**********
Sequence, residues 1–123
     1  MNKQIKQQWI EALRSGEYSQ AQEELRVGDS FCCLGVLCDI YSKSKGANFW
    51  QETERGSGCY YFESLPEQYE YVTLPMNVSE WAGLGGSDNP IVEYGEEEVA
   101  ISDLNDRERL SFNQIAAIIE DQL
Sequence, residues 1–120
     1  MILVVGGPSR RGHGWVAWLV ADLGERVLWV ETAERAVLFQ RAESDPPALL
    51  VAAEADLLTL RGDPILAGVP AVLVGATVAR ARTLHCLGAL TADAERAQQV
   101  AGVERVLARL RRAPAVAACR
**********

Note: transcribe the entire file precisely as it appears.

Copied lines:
Sequence, residues 1–123
     1  MNKQIKQQWI EALRSGEYSQ AQEELRVGDS FCCLGVLCDI YSKSKGANFW
    51  QETERGSGCY YFESLPEQYE YVTLPMNVSE WAGLGGSDNP IVEYGEEEVA
   101  ISDLNDRERL SFNQIAAIIE DQL
Sequence, residues 1–120
     1  MILVVGGPSR RGHGWVAWLV ADLGERVLWV ETAERAVLFQ RAESDPPALL
    51  VAAEADLLTL RGDPILAGVP AVLVGATVAR ARTLHCLGAL TADAERAQQV
   101  AGVERVLARL RRAPAVAACR